Not only will this mandate make housing less affordable, it will also create the same fiscal cliffs as many other welfare programs. If a person will have to pay more for their housing as their income increases, then they will be less likely to pursue moderate increases in pay or take on more work to move up in life. This scheme by Nashville’s government creates a disincentive for the poor to improve their lives.
A requirement that property owners set aside a certain percentage of their housing inventory to sell at below the market price (or setting price controls at all) is more than just inconsistent with the American tradition and offensive to rudimentary notions of free markets. Forcing developers to sell the apartments they build at a loss poses very serious legal and constitutional problems.
Governments can’t condition things like building permits on the surrender of constitutional rights, such as the right to seek full value of one’s private property. Taking private property for a public purpose without just compensation is a takings issue that courts have ruled to be unconstitutional countless times. Cities can’t get around that by conditioning their agreement on the surrender of this or any other constitutional right.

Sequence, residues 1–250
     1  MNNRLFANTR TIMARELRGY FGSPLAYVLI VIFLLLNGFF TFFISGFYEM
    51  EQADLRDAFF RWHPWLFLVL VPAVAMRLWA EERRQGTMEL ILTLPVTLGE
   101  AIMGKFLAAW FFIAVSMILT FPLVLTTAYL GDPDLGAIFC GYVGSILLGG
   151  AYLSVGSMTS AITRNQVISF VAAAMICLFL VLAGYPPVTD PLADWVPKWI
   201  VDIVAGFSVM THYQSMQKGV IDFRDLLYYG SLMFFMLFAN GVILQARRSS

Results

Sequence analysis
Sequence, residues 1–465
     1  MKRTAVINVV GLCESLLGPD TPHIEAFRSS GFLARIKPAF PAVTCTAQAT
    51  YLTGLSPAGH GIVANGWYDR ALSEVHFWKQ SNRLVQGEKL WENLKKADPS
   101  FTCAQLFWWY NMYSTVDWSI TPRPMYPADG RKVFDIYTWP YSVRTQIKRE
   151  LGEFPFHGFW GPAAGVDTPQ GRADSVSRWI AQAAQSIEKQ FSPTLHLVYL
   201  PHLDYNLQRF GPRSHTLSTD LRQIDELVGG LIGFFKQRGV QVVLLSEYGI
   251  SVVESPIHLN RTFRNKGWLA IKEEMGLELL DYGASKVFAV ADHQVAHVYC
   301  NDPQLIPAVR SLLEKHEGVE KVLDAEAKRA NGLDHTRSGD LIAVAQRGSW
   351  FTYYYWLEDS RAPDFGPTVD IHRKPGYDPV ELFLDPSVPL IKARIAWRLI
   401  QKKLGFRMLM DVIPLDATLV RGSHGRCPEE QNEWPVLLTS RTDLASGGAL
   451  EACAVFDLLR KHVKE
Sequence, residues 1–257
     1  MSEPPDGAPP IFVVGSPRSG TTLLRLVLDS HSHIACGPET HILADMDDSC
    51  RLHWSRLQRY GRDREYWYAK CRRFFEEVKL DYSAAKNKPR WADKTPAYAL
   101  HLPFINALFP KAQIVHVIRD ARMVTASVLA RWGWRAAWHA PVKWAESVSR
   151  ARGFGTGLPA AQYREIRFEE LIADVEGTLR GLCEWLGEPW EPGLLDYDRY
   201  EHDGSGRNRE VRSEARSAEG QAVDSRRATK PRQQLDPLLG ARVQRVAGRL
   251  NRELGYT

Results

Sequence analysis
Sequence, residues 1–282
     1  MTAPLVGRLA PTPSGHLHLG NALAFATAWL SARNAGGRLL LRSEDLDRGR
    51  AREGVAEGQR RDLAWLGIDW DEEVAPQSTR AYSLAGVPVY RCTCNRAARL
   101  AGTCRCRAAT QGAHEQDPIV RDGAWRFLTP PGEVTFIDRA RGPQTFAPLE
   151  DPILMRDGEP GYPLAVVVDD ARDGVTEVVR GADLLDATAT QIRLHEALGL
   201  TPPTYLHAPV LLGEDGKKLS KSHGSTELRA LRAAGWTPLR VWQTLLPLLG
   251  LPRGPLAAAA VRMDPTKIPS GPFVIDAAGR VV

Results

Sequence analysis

On top of the constitutional and economic issues with this law, Nashville does not have the authority to enforce this plan in the first place. The state has never given cities the power to address affordable housing in this manner, and if there was any lingering confusion on this issue, the Tennessee General Assembly cleared it up in 2016 when affordable housing mandates began to surface in Tennessee. In response to the spread of these ordinances, the legislature passed a law prohibiting local governments from enacting affordable housing mandates as they relate to rental properties. Nashville passed its law anyway, even though it is illegal under state law.